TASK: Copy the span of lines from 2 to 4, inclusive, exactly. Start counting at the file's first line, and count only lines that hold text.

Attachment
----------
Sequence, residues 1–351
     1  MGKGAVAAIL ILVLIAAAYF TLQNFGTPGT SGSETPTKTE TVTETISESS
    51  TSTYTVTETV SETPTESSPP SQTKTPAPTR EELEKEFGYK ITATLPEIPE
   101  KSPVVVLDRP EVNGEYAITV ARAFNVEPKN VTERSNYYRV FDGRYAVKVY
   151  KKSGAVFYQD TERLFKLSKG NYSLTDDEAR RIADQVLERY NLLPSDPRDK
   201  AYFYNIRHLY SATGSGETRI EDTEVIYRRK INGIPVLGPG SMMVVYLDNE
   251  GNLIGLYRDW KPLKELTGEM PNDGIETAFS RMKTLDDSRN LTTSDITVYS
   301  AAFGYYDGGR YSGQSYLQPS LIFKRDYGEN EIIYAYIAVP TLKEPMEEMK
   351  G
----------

     1  MGKGAVAAIL ILVLIAAAYF TLQNFGTPGT SGSETPTKTE TVTETISESS
    51  TSTYTVTETV SETPTESSPP SQTKTPAPTR EELEKEFGYK ITATLPEIPE
   101  KSPVVVLDRP EVNGEYAITV ARAFNVEPKN VTERSNYYRV FDGRYAVKVY